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Continuous quantitative mapping of multi-organ T1 relaxation times with ShMOLLI to assess dose response in respiratory challenges at 3T
Journal of Cardiovascular Magnetic Resonance volume 15, Article number: W9 (2013)
The performance of T1 mapping as a stable biomarker depends on its sensitivity to pathological changes and relative insensitivity to normal physiological variations or common clinical interventions, such as oxygen administration. We address the impact of breathing air supplemented with oxygen (O2) and/or carbon dioxide (CO2) on T1 values in healthy myocardium and selected extra-cardiac tissues.
6 normal control volunteers (age 35±4 years, 2 females) underwent serial T1-mapping using the Shortened Modified Look Locker Inversion Recovery (ShMOLLI, Piechnik et al. JCMR 2010, 12:69) at 3T (Siemens Trio). Subjects breathed through a mouthpiece to allow monitoring of O2 and CO2 content (Datex Normocap 200) during three 15-minute respiratory challenges as follows: 4 minutes of normal air, 5 minutes of supplemented target mixture with O2 (21-100%) and CO2 (0-5%), and 6 minutes of normal air (Fig. 1A). T1-mapping was performed back-to-back at end-expiration under automated breathing instructions. Regions of interest (ROIs) were drawn on T1 maps within the myocardium, left ventricular (LV) and right ventricular (RV) blood pools, liver parenchyma excluding major vessels, and the spleen. ROIs were followed semi-automatically for motion between breath-holds. The relationship between changes in T1 in each organ and the end-tidal (Et) gas content was assessed using general linear modelling.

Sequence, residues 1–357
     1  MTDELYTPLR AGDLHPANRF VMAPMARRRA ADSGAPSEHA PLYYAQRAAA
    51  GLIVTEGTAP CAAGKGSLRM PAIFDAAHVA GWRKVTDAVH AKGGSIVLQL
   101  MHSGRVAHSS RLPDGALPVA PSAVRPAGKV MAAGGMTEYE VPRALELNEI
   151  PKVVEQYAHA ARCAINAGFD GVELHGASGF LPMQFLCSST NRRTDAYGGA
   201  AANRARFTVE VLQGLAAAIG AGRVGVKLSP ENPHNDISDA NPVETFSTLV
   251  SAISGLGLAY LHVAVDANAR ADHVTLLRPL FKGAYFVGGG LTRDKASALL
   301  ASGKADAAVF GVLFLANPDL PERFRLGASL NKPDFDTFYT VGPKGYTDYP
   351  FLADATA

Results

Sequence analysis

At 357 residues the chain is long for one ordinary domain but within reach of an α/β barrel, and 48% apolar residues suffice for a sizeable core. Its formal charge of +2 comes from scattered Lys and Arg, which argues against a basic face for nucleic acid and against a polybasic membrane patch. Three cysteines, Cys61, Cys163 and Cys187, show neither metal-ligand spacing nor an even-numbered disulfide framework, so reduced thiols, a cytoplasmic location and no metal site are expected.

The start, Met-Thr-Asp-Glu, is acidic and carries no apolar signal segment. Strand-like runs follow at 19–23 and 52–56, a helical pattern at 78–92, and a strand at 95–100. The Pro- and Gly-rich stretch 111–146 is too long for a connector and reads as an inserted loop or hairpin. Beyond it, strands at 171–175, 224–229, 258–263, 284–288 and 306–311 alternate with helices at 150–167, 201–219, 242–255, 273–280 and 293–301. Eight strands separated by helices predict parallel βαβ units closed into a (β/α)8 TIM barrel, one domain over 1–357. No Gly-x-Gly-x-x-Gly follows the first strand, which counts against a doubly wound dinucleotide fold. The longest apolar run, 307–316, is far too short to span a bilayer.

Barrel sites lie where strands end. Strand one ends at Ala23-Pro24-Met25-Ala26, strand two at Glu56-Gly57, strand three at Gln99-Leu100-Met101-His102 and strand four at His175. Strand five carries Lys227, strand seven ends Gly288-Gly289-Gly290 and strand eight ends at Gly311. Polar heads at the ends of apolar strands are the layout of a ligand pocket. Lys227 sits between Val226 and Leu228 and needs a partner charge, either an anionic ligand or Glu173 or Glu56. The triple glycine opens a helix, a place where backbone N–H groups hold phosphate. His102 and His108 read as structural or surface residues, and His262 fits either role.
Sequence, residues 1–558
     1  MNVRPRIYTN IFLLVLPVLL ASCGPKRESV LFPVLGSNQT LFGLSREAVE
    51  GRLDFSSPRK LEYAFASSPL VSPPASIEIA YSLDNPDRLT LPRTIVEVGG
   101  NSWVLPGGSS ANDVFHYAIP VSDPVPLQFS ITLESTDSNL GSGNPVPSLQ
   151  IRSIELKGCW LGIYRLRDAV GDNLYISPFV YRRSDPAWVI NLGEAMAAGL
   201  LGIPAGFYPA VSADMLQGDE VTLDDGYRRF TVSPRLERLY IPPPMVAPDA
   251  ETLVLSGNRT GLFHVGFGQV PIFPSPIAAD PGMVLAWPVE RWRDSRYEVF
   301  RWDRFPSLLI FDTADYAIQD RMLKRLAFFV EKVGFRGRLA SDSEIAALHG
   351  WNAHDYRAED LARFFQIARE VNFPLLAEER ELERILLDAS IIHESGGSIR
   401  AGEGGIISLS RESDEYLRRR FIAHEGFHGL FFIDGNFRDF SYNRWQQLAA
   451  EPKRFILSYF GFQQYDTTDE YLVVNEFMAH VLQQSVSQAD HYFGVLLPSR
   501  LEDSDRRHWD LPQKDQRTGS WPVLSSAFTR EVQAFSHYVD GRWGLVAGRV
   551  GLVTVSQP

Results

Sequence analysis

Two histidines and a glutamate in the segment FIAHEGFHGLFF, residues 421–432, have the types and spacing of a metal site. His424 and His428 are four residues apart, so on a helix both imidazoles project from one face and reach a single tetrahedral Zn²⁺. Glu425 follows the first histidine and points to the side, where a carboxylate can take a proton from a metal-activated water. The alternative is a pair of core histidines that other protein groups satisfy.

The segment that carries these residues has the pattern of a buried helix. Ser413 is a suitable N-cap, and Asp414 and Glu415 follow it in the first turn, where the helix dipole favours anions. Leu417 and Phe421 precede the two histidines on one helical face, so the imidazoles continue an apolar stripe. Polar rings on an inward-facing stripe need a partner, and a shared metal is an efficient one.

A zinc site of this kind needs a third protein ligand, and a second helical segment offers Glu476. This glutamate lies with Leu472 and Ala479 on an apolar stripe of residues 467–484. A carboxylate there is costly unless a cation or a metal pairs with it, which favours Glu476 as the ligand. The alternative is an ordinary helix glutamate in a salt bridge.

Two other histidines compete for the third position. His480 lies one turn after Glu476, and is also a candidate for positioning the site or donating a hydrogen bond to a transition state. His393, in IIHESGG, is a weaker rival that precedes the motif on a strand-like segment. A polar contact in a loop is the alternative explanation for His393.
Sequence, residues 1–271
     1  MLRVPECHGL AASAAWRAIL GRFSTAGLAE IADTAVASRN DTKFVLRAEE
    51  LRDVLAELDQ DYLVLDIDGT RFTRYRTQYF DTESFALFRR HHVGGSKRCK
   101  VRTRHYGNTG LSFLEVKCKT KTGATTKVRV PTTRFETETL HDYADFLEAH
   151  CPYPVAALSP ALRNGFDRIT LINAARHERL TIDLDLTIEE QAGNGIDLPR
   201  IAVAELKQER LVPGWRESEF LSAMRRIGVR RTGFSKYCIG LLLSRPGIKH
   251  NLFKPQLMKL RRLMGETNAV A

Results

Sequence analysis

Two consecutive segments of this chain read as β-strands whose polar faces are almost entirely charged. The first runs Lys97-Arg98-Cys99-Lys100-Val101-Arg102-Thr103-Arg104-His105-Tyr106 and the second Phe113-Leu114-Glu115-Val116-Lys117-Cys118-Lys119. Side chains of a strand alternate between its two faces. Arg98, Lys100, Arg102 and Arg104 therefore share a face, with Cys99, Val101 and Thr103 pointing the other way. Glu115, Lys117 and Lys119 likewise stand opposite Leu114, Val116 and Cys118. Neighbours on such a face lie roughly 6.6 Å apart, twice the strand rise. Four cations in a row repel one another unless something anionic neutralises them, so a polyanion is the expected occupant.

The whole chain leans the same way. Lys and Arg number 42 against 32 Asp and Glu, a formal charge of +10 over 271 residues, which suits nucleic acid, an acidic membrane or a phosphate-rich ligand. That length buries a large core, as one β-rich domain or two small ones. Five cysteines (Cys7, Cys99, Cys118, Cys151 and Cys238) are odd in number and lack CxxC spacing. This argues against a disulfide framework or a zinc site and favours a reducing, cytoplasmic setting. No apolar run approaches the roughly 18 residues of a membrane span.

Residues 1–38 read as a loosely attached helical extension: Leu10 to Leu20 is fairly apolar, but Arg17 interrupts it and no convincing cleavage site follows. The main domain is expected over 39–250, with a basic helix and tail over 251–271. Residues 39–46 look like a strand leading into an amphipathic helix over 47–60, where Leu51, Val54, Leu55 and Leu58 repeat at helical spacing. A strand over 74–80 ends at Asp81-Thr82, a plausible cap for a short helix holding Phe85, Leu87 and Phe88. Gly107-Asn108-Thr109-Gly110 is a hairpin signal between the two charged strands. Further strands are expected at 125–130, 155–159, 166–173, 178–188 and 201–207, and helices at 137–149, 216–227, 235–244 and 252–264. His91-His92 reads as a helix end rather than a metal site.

Each 1% increase in O2 and CO2 resulted in a 0.76±0.2% and 0.3±0.04% change in end-tidal content, respectively. T1 maps were acquired typically every 23 seconds (<25s in 95% of the 701 measurements). Following O2 administration, LV blood and spleen demonstrated clear and visible lowering in T1 trendlines (Fig. 1B) and directly on colour T1 maps (Fig. 2AB) and. The relationships showed significant negative linear regression slopes of -3.5±0.2ms/%EtO2 (R2=0.94) and -2.6±0.4ms/%EtO2 (R2=0.69), respectively (Fig. 1C). There was no relationship between T1 in LV blood or spleen with CO2. T1 in healthy myocardium was not sensitive to changes in O2. Myocardial T1 increased slightly with CO2 administration (+17±7ms/%EtCO2, R2=0.29), corresponding to only a 3% deviation from baseline T1 within the limits of a typical 5% CO2 vasodilatory challenge (Fig. 1D). T1 in RV blood and liver did not correlate with O2 or CO2 content.
ShMOLLI T1-maps can be acquired at a frequency of up to 3 per minute with excellent measurement consistency over extended periods of time, with potential use in the monitoring of physiological effects of respiratory challenges. T1 directly detects hyperoxygenation in arterial blood and its propagation downstream to some major organs such as the spleen. There was little evidence of major variation of T1 with O2 or CO2 in the other organs studied. Specifically, in comparison to normal T1 variability, myocardial T1 is relatively stable under feasible hyperoxia and hypercapnia.
National Institute for Health Research (NIHR) Oxford Biomedical Research Centre.
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Piechnik, S., Ferreira, V., Neubauer, S. et al. Continuous quantitative mapping of multi-organ T1 relaxation times with ShMOLLI to assess dose response in respiratory challenges at 3T. J Cardiovasc Magn Reson 15, W9 (2013). https://doi.org/10.1186/1532-429X-15-S1-W9
- Right Ventricular
- Healthy Myocardium
- Linear Regression Slope
- Siemens Trio
- Oxford Biomedical Research